Is there not a case for “contingency”, with a number of capable ships, acquired and pre-loaded, to be stationed in strategic areas around the world, which the statistics of disaster can easily identify. The US military “pre-positioned” fleet might not be fully appropriate as an example, but at least this sort of organisation gives a clue about the approach that might be taken. With the right sort of management, such a “First-Aid” fleet could make a difference in the speed of response to disaster, while scaling up in weight and capability provisions that even the largest aircraft will have difficulty matching in the short term.

If the will to provide such assistance was there, which agency could one envisage actually running contingency assets? Probably best to rule out anything to do with the United Nations or any body which relies on bureaucracy, committees and consensus. Can one envisage a sort of maritime arm of International Rescue, or the Red Cross Afloat, capable of speedy response, with the emphasis on practical assistance? As for the procurement of suitable ships and their care. maintenance and operation on-site, you cannot really think of anything better and less complicated than one or more of the biggest ship management companies, which have the experience and international manpower available on tap.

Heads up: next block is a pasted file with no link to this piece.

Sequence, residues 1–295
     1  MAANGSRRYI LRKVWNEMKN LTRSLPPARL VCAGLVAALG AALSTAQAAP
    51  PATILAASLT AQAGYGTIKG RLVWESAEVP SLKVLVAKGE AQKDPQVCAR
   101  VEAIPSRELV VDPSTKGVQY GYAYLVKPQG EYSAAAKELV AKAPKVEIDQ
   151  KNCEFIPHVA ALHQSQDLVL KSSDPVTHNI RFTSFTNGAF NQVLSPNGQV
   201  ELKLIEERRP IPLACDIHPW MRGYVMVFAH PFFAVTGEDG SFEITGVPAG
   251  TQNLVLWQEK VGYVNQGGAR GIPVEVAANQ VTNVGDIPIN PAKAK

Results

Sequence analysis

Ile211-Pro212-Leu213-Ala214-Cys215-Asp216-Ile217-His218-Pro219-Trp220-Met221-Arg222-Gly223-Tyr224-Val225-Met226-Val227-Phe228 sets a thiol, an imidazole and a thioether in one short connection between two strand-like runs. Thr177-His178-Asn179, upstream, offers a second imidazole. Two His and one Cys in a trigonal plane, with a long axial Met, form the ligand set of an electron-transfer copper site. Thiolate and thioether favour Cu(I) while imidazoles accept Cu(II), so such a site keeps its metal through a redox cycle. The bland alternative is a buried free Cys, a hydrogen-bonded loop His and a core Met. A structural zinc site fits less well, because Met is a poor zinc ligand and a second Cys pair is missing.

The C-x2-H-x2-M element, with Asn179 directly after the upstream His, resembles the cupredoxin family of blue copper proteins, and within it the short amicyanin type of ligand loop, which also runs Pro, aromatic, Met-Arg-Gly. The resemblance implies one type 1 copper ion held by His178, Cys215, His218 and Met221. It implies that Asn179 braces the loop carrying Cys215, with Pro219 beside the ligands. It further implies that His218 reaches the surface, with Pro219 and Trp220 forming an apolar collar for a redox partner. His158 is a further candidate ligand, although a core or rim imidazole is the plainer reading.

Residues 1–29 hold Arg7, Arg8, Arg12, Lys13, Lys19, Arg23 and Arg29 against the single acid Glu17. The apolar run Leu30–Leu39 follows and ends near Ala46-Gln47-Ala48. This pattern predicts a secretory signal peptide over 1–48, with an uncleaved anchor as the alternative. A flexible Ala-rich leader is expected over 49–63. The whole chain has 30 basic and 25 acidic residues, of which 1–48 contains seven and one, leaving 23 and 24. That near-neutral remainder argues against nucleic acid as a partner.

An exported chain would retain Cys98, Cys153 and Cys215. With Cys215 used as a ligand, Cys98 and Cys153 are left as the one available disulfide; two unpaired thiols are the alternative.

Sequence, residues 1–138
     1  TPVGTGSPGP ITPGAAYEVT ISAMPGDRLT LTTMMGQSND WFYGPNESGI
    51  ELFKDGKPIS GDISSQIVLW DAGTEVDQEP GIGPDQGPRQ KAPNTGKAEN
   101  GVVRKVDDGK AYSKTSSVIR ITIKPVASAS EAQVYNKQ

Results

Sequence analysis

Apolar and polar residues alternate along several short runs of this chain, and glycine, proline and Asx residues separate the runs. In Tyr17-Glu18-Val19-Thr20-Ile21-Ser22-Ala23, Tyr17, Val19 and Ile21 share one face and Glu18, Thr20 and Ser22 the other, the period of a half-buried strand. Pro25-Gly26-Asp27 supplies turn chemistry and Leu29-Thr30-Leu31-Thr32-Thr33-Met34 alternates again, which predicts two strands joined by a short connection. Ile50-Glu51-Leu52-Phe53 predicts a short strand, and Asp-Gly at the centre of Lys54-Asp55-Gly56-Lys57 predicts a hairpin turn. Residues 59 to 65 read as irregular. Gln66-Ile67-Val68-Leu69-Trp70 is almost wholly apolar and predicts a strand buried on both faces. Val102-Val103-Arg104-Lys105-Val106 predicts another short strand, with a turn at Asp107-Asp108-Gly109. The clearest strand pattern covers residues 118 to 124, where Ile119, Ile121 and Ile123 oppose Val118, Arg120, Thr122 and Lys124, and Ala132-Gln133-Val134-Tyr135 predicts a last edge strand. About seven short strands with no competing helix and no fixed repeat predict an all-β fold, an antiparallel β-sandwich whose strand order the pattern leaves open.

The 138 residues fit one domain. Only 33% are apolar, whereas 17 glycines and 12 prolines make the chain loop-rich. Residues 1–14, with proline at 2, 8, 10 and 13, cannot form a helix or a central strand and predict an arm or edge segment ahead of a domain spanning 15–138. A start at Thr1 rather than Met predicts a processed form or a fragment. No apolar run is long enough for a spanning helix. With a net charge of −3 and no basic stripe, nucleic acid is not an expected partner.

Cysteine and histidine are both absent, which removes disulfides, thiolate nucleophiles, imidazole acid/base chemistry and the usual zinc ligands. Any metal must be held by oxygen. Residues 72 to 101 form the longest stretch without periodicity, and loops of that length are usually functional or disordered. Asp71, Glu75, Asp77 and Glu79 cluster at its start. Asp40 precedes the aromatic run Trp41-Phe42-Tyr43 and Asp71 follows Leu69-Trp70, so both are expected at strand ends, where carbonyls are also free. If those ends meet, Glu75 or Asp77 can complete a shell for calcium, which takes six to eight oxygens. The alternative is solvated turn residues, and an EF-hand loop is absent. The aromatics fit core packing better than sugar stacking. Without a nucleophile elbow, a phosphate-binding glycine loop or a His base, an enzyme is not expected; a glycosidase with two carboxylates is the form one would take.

It ought to make sense and ought not to cost a vast sum of money, if it was not wasted on shipbuilding, but in the acquisition of decent, middle-aged overnight ro-pax ships. You might argue (as I have) that redundant cruise ships could do the job, but they really need to lie safely alongside, which might be difficult, and they don’t have capacious vehicle decks. But quite how you get such a scheme off the ground and onto the sea, with the necessary international support and funding, it really is beyond my pay grade to suggest. It might be a useful, (rather than a wasteful) element in developed nations’ aid budgets, but it would be interesting to hear some views on why such a scheme would be impossible. 

Michael Grey is former editor of Lloyd’s List.


2. TT Club award

International freight transport insurer TT Club is teaming up with the Transported Asset Protection Association’s (TAPA) Europe, Middle East & Africa (EMEA) region to encourage the next generation of supply chain security professionals to excel. Entries for the first ‘Young Supply Chain Resilience Professional of the Year’ award are now opened until 28 April 2023.

Both TT and TAPA EMEA are dedicated to bringing insight into the complex theft trends that exist within international supply chains.  With the aim of increasing awareness of the challenges in combatting such crime, the organisations also promote where possible risk mitigation guidelines and activities.  To these ends they are launching an annual award programme celebrating the successes of young supply chain security professionals and the next generation of leaders in supply chain resilience.

Explaining the motives behind the award, Mike Yarwood, TT’s Managing Director, Loss Prevention said, “We wish to identify, inspire and reward young talent in the industry, encouraging them to continue to innovate, communicate with their peers and strive for greater security throughout the supply chain sector.”